By Kitty Block and Sara Amundson
American trophy hunters target hundreds of thousands of animals in the U.S. and abroad every year just to display the gruesome keepsakes of their kills. Now, a new undercover investigation by the Humane Society of the United States and Humane Society International reveals where so many of these macabre souvenirs, discarded by their owners, end up: an auction where animal trophies and taxidermy from hunts that claim precious animal lives are sold to the highest bidder. Trophies made of African elephants, giraffes, hippos, polar bears, grizzly bears, mountain lions and even black bear cubs, along with zebras and a baboon holding a beer bottle, were recently offered in a massive display of death at a fairground in Maquoketa, Iowa.
The auction included “home décor” items such as giraffe leg tables, zebra heads for tabletop display and elephant foot wastebaskets. Our investigators found that this auction sold off taxidermy and trophies from a total of 557 mammals, and many more birds, reptiles and other species.
The sale of trophies and taxidermy like those sold at this auction perpetuates the destructive idea that it is normal and reasonable to kill iconic wild animals, disrupting ecosystems and ravaging animal families, for bragging rights. Auctions like these can increase demand for these species, parts, products and trophy hunts for them, perpetuating this vicious cycle of cruelty and destruction. Illegal hunting and illicit trade in products made from these species result in a grave threat to their continued survival, pushing wild animals further toward the brink of extinction.
According to auction staff, trophy hunters tire of their trophies, downsize or put their house on the market and are advised by their real estate agents to “get rid of the dead critters” to help sell their homes. Staff said buyers at the auction are usually taxidermy collectors or resellers that purchase animal parts and make them into more profitable trophy mounts and products.
Many of the species offered for sale at this auction are threatened with extinction: the IUCN lists African elephants as endangered, and they have suffered a 60% population decline over the past 50 years. Wild giraffe populations have plummeted by about 40% over the past three decades. Alaskan brown bears, trophies of which were also offered for sale at this auction, are being hunted at unsustainable rates, causing alarm among researchers.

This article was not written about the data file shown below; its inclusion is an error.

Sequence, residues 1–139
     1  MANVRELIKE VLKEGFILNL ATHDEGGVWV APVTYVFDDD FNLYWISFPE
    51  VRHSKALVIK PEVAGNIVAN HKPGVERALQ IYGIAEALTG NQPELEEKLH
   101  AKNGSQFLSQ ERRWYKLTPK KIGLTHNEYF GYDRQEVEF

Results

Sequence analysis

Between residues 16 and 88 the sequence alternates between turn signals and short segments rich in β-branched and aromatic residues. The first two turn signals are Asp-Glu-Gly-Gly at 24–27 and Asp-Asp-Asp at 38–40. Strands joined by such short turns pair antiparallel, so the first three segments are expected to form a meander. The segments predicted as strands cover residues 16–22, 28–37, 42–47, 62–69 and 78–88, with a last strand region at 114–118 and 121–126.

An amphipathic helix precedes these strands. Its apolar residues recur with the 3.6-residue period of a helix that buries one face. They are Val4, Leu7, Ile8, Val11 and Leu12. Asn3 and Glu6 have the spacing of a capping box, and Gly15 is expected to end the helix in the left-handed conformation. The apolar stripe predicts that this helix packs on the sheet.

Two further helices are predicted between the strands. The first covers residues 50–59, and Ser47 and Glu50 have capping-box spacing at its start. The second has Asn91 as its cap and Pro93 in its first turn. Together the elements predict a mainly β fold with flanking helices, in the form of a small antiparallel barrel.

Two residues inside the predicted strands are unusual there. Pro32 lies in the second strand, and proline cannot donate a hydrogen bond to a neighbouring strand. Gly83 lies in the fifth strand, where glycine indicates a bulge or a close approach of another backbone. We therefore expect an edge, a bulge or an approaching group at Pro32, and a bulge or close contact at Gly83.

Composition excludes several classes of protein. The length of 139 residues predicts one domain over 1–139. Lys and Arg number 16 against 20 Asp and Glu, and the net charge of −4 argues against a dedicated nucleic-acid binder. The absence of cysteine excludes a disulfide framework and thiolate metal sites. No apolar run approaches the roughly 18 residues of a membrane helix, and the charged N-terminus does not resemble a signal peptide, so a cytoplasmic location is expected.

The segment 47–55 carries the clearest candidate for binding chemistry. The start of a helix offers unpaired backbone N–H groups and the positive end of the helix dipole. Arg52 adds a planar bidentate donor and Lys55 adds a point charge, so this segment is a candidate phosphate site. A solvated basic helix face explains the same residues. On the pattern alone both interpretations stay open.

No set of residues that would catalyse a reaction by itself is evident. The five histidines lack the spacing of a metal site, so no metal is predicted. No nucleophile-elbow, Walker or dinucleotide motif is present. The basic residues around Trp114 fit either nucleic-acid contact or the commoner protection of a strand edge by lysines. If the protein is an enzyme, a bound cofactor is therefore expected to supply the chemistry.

Online bidders also participated in the auction; shipping was offered for many items. This raises concerns about potential violations of the law, as some states prohibit the trade in parts and products of many of the animals auctioned. The U.S. remains the largest importer of trophies in the world; a recent HSI report shows that the U.S. imported 75% of mammal trophies of internationally protected species between 2014 and 2018. With this overwhelming role in the trophy hunting industry, the U.S. is uniquely positioned to effect change for these species.
In reaction to the suite of threats facing these animals, including from trophy hunting, the HSUS, HSI and partner organizations submitted petitions to the U.S. Fish and Wildlife Service to list African elephants and giraffes as “endangered” under the Endangered Species Act. Just last month, our organizations sued the Service over its failure to take action on our giraffe petition—action that could lead to sorely needed protections to prevent the widespread trade in giraffe trophies and grotesque products like those documented in our investigation. Giraffes currently have no federal protections.
Further, the ProTECT Act (soon to be reintroduced in Congress), if passed, would effectively prohibit trophies of any species listed as threatened or endangered under the Endangered Species Act from being imported into the U.S., thereby slamming the door shut to trophies of many iconic species most often targeted by hunters. And as many of these species are threatened with extinction due to the myriad other threats they face including poaching and habitat loss, ending the import of trophies cannot come soon enough—we can take action today to ensure a tomorrow for these magnificent animals.
Be a voice for vulnerable animals: Tell the U.S. Fish and Wildlife Service to prohibit the hunting in the U.S. and the trophy import of species listed as threatened and endangered under the Endangered Species Act.
Sara Amundson is president of the Humane Society Legislative Fund.